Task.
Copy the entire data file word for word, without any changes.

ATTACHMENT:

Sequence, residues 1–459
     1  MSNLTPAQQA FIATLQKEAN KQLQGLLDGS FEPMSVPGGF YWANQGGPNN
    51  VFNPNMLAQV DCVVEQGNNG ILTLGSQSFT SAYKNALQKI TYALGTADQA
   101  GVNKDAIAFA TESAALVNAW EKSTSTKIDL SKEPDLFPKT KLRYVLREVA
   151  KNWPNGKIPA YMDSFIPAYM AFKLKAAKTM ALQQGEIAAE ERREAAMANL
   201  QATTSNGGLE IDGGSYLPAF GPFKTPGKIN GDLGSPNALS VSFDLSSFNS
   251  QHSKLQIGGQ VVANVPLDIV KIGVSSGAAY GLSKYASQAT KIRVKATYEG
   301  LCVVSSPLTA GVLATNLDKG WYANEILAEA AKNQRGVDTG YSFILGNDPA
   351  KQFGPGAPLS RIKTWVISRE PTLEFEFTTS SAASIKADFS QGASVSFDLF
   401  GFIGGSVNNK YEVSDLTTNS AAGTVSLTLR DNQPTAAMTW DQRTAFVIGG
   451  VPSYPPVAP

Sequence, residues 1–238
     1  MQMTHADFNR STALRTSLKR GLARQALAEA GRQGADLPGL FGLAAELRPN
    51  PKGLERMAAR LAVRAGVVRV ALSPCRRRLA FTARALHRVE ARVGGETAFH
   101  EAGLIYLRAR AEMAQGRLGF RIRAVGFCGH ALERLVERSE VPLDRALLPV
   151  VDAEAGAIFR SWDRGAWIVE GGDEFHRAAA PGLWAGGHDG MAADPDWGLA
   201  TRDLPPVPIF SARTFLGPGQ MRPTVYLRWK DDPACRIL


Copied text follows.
Sequence, residues 1–459
     1  MSNLTPAQQA FIATLQKEAN KQLQGLLDGS FEPMSVPGGF YWANQGGPNN
    51  VFNPNMLAQV DCVVEQGNNG ILTLGSQSFT SAYKNALQKI TYALGTADQA
   101  GVNKDAIAFA TESAALVNAW EKSTSTKIDL SKEPDLFPKT KLRYVLREVA
   151  KNWPNGKIPA YMDSFIPAYM AFKLKAAKTM ALQQGEIAAE ERREAAMANL
   201  QATTSNGGLE IDGGSYLPAF GPFKTPGKIN GDLGSPNALS VSFDLSSFNS
   251  QHSKLQIGGQ VVANVPLDIV KIGVSSGAAY GLSKYASQAT KIRVKATYEG
   301  LCVVSSPLTA GVLATNLDKG WYANEILAEA AKNQRGVDTG YSFILGNDPA
   351  KQFGPGAPLS RIKTWVISRE PTLEFEFTTS SAASIKADFS QGASVSFDLF
   401  GFIGGSVNNK YEVSDLTTNS AAGTVSLTLR DNQPTAAMTW DQRTAFVIGG
   451  VPSYPPVAP

Sequence, residues 1–238
     1  MQMTHADFNR STALRTSLKR GLARQALAEA GRQGADLPGL FGLAAELRPN
    51  PKGLERMAAR LAVRAGVVRV ALSPCRRRLA FTARALHRVE ARVGGETAFH
   101  EAGLIYLRAR AEMAQGRLGF RIRAVGFCGH ALERLVERSE VPLDRALLPV
   151  VDAEAGAIFR SWDRGAWIVE GGDEFHRAAA PGLWAGGHDG MAADPDWGLA
   201  TRDLPPVPIF SARTFLGPGQ MRPTVYLRWK DDPACRIL